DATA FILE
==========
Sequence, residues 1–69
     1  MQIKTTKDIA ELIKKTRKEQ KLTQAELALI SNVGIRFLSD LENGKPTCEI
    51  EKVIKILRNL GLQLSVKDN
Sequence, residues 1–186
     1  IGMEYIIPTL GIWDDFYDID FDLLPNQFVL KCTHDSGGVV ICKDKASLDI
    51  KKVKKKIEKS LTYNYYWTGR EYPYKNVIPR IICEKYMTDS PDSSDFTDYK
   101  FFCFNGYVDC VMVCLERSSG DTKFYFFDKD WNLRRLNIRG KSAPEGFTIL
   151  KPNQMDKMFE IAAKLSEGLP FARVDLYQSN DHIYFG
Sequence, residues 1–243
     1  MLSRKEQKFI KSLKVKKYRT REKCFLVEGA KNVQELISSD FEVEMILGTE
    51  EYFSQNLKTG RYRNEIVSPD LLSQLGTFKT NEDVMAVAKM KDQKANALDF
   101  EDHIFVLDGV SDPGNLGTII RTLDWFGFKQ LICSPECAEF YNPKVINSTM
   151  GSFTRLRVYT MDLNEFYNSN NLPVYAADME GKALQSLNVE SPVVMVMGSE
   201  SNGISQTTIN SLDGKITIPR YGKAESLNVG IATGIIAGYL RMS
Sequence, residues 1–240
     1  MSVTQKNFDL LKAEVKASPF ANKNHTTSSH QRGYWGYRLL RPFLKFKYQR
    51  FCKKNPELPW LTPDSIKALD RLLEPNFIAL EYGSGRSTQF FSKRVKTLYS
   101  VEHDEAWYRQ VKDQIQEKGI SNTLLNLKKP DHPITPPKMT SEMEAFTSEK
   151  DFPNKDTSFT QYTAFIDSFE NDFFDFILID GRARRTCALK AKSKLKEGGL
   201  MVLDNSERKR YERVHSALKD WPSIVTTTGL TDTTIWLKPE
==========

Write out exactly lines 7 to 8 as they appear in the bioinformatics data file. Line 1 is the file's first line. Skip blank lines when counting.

   101  FFCFNGYVDC VMVCLERSSG DTKFYFFDKD WNLRRLNIRG KSAPEGFTIL
   151  KPNQMDKMFE IAAKLSEGLP FARVDLYQSN DHIYFG